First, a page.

RP Photonics logo
RP Photonics
Consulting Software Encyclopedia Buyer's Guide

Short address: rpp-con.com

Dr. Paschotta, the founder of RP Photonics, supports your R & D with his deep expertise. Save time and money with efficient support!

Short address: rpp-soft.com

Powerful simulation software for fiber lasers and amplifiers, resonator design, pulse propagation and multilayer coating design.

Short address: rpp-enc.com

The famous Encyclopedia of Laser Physics and Technology provides a wealth of high-quality scientific and technical information.

Short address: rpp-bg.com

In the RP Photonics Buyer's Guide, you easily find suppliers for photo­nics products. As a supp­lier, you can profit from enhanced entries!

Learn on lasers and photonics every day!
VL logo part of the

Chromatic Dispersion

<<<  |  >>>  |  Feedback

Buyer's Guide

The ideal place to find suppliers for photonics products: high-quality information, simple and fast, respects your privacy!

5 suppliers for equipment for chromatic dispersion measurements are listed.

Your are not yet listed? Get your entry!

Ask RP Photonics for any kind of calculations concerning chromatic dispersion and its effects in various situations.

Definition: the frequency dependence of the phase velocity in a transparent medium

German: chromatische Dispersion

Categories: general optics, light pulses

How to cite the article; suggest additional literature

The chromatic dispersion of an optical medium is the phenomenon that the phase velocity and group velocity of light propagating in a transparent medium depend on the optical frequency. A related quantitative measure is the group velocity dispersion.

The attribute “chromatic” is used to distinguish this type of dispersion from other types, which are relevant particularly for optical fibers: intermodal dispersion and polarization mode dispersion.

Mathematical Description of Chromatic Dispersion

Chromatic dispersion of second and higher order is defined via the Taylor expansion of the wavenumber k (change in spectral phase per unit length) as a function of the angular frequency ω (around some center frequency ω0, e.g. the mean frequency of some laser pulses):

k(w) for dispersive medium

where the terms corresponding to the different orders have the following meaning:

inverse group velocity in dispersive medium
GDD for dispersive medium
TOD for dispersive medium

Second-order dispersion is often specified in units of s2/m. It is the derivative of the inverse group velocity with respect to angular frequency:

group delay dispersion and group velocity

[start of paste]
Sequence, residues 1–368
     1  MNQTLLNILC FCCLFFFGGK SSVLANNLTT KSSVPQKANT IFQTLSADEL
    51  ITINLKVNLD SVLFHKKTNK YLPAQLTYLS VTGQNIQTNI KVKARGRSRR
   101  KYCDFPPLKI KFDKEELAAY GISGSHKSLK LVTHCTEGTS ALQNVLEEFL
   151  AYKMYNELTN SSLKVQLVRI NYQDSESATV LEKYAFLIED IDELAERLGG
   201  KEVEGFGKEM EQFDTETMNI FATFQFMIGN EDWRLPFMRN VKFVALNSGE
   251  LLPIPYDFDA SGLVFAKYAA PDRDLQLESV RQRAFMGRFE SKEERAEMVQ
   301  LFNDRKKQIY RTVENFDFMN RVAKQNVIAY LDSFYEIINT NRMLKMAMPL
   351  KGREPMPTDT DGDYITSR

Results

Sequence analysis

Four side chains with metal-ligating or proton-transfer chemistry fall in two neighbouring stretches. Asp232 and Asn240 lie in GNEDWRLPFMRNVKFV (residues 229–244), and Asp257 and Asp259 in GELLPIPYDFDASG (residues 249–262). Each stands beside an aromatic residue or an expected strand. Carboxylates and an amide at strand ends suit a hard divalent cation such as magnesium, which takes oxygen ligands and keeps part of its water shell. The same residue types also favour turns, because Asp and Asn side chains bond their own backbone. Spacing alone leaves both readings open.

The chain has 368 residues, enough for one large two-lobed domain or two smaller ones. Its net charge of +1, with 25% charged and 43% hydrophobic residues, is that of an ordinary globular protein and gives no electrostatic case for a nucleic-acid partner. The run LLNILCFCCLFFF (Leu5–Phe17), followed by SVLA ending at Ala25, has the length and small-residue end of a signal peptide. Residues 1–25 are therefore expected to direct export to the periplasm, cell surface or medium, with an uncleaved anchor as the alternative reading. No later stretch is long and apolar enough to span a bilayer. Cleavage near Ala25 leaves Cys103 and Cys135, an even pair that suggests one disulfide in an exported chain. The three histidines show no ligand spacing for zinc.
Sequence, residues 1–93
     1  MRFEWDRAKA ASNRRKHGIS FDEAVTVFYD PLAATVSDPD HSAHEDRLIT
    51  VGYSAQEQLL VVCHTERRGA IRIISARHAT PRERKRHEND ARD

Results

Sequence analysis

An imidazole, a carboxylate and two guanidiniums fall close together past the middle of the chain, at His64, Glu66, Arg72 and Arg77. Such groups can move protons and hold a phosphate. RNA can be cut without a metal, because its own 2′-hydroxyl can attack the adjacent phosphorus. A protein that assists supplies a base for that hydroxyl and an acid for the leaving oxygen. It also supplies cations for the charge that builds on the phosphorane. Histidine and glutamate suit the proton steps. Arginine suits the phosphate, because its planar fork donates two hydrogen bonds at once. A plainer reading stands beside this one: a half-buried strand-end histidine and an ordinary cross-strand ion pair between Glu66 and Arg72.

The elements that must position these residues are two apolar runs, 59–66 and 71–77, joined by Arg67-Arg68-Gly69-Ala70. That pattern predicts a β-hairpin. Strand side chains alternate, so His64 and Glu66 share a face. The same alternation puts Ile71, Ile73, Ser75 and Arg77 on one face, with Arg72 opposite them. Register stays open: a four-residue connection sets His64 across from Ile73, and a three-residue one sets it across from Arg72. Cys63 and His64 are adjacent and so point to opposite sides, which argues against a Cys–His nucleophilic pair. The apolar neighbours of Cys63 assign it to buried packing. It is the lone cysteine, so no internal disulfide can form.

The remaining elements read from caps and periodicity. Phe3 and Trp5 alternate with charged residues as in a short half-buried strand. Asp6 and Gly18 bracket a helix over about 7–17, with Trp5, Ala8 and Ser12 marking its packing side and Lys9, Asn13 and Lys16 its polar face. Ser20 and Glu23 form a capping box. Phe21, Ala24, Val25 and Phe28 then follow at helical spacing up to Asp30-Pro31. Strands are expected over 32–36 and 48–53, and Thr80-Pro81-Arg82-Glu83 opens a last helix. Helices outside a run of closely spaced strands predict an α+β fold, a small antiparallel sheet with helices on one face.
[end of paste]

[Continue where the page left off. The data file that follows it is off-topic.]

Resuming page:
As an example, the group delay dispersion of silica is +36 fs2/mm at 800 nm, or −22 fs2/mm at 1500 nm. Zero group delay dispersion is reached close to 1270 nm.

The dispersion of various orders for a medium can most conveniently be calculated if the refractive index is specified with a kind of Sellmeier formula. Tabulated index data are less suitable, since the numerical differentiation is sensitive to noise.

For light propagating in waveguides such as optical fibers, one considers the phase constant β instead of the wavenumber k. The second-order dispersion, for example, is then given as the second derivative of β with respect to angular frequency. This is often called β'' or β2.

Normal and Anomalous Dispersion

One distinguishes normal dispersion (for k'' > 0) and anomalous dispersion (for k'' < 0). Normal dispersion, where the group velocity decreases with increasing optical frequency, occurs for most transparent media in the visible spectral region. Anomalous dispersion sometimes occurs at longer wavelengths, e.g. in silica (the basis of most optical fibers) for wavelengths longer than the zero-dispersion wavelength of ≈ 1.3 μm.

Great care is recommended when the sign of dispersion is specified. The ultrafast optics community identifies that sign with the sign of k''. The opposite sign is usually used in optical fiber communications, where the dispersion is often specified with the dispersion parameter

dispersion of fibers

in units of picoseconds per nanometer and kilometer (ps/(nm km)). The different signs result from using a frequency derivative in one case and a wavelength derivative in the other. Note also that the conversion factor depends on the wavelength.

Conversion of Chromatic Dispersion Values

Center wavelength:
Group velocity dispersion: calc
Dispersion parameter: calc

After you have modified some values, click a "calc" button to recalculate the field left of it.

Between wavelength regions with normal and anomalous dispersion, there is a zero dispersion wavelength. The region around this wavelength can be special in some respects, not only concerning weak dispersive pulse broadening.

Higher-order Dispersion

Dispersion of third and higher order is called higher-order dispersion. When dealing with very broad optical spectra, one sometimes has to consider dispersion up to the fourth or even fifth and sixth order. Ultimately, the concept of Taylor expansion loses its value in this regime, where many dispersion orders have to be considered. It is therefore often more convenient e.g. in numerical modeling to work directly with a table of frequency-dependent phase changes.